Thursday, November 03, 2005

Redeaming my Youth - 98-99 Hiphop appreciation (part 2 completion)

Finally, the long awaited conclusion to my Hiphop memoirs.

Eminem – The Slim Shady LP


What I think now: This seemed a whole lot better back then…but it’s probably because I was 15.

Analysis: Teens love swearing. It’s a fact. And they love wiseasses that swear, get away with it and offend adults while looking smart. It’s the principle that gave careers to Alice Cooper, Guns N Roses and of course, Eminem. Truth be told, there were many good reasons to like his debut album The Slim Shady LP in 1999: the stories told within were humorous as sin, the beats were sparse and funky and Eminem had a magnetic personality that was just on the right side of self conscious. No one questioned Eminem as a lyricist in 1999 as he was probably in the top 5 pure emcees at the time: like a white, skinny Big Pun he was ripping syllable after syllable (which was important back then!) and even better, he made funny songs out of it. The beats meanwhile heralded the return of Dr Dre to top level status after an embarrassing attempt at cheesy sophistication from 96-98. Still, unlike the superb 2001, this was clearly an emcee driven affair and Slim Shady became a hero to millions of disillusioned white kids angry at the world but too young to figure out why yet. While Eminem’s anger would eventually cross the line into seriously corrosive and moronic territory, it’s still fairly benign here which makes the public outrage over it that much funnier: who the hell could take this stuff seriously enough to get MAD at it? A lot of people apparently and while it’s kind of hard to listen to ANYTHING Eminem related nowadays, I’d still rather pop this in the ol’ CD player than say…a Fred Durst album.

Verdict: Harmless juvenile posing mixed with quality battle raps. Gimmicky and of it’s time sure but not bad at what it does in the slightest.

Method Man and Redman – Blackout

What I thought then: These guys are really cool!

What I think now: It’s a miracle I only started smoking weed years after I heard this.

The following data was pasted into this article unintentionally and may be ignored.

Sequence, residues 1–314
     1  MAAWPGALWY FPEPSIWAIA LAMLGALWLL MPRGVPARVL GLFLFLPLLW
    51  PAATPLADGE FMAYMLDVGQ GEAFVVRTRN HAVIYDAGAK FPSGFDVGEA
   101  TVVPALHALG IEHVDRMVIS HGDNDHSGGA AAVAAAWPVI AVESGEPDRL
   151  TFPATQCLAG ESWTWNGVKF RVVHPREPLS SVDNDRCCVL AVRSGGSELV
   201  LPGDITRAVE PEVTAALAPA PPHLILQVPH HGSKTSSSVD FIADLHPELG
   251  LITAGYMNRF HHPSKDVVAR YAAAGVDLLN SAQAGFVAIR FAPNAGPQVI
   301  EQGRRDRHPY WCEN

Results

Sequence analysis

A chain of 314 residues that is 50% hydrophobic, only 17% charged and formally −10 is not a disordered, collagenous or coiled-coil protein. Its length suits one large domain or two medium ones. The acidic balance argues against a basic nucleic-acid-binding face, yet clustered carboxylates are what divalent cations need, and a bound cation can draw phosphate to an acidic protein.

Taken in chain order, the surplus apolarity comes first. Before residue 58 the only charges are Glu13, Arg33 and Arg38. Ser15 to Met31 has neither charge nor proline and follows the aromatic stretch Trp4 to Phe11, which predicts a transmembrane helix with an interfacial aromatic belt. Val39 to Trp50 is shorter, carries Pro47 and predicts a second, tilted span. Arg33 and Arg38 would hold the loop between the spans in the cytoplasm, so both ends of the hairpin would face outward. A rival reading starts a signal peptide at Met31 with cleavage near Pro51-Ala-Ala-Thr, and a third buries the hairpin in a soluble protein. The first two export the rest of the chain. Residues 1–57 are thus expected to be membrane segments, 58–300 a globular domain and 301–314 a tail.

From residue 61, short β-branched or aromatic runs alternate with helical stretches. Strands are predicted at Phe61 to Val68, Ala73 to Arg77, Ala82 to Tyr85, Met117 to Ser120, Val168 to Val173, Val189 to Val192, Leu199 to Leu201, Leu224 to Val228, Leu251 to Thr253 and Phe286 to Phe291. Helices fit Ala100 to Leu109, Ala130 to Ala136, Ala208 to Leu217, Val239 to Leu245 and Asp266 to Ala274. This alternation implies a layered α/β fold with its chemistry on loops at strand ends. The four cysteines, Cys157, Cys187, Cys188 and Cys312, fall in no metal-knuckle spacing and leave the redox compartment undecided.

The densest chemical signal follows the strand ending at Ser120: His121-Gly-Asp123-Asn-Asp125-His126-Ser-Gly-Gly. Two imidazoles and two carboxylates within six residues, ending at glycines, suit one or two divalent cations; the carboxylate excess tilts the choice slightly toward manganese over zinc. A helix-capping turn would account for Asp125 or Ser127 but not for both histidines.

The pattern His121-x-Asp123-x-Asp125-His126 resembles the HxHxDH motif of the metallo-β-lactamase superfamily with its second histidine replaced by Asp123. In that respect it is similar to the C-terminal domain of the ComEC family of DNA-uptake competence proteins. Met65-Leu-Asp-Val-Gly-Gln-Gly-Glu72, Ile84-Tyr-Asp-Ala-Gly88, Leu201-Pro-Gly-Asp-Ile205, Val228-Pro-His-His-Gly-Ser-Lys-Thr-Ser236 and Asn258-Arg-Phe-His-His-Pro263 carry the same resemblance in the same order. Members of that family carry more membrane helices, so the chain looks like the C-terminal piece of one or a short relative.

Analysis: Blackout is a much underrated album in my opinion. A fun, no frills tag team effort from Red and Meth, it doesn’t pretend to be anything more or less than a punchline fest with big wild-out hooks and grimy deliveries. One of the first albums I picked up with my own money (as opposed to hearing the single on a dub), Blackout had all the qualities I required from rap as a 16 year old: the rappers were as cool as cool gets, they were witty and smart and they were rebellious and slightly threatening. The marijuana aspect didn’t really affect me at the time for some reason. I had smoked weed a couple of times back then but I didn’t get into it heavily and this CD did nothing to encourage me. It’s really great listening when stoned anyways considering it’s the rowdier and more energetic side of Red and Meth that’s on display here anyways. Nowadays, the album stands up because it’s surprisingly raw and uncompromised compared to the stuff that gets released today. Def Jam would NEVER put major marketing bucks into an album of non-gangster, eastcoast boasting and weed smoking. I mean, there’s hardly a song about ANYTHING here much less the required murder, club, lady and R&B joints. The underground meanwhile would fare well to examine the formula here: it’s unpretentious and fun to listen to unlike the heavy ass self-important “art” albums peddled by Def Jux and Rhymesayers. All in all, classic true-school Hiphop years after its era was supposedly “over”.